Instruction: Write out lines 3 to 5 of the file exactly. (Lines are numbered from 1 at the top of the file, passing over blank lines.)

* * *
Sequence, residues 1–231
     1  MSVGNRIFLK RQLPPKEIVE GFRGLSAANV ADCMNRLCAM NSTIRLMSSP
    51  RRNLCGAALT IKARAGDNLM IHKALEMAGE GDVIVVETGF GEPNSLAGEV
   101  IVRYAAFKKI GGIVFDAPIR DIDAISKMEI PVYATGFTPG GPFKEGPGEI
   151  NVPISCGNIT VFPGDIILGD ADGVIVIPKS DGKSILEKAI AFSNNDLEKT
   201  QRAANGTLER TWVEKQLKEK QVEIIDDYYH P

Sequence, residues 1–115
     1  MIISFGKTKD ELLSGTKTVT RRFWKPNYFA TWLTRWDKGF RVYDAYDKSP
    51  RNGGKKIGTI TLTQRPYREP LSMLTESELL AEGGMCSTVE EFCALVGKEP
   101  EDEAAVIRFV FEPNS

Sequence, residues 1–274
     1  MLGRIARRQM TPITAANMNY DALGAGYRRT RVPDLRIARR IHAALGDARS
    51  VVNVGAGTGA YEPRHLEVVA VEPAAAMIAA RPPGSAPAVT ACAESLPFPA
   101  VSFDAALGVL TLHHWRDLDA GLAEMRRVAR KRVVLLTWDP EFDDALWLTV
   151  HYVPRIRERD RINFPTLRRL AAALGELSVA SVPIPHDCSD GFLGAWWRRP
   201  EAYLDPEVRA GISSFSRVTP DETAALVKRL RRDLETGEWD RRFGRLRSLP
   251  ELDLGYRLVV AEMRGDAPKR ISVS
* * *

    51  RRNLCGAALT IKARAGDNLM IHKALEMAGE GDVIVVETGF GEPNSLAGEV
   101  IVRYAAFKKI GGIVFDAPIR DIDAISKMEI PVYATGFTPG GPFKEGPGEI
   151  NVPISCGNIT VFPGDIILGD ADGVIVIPKS DGKSILEKAI AFSNNDLEKT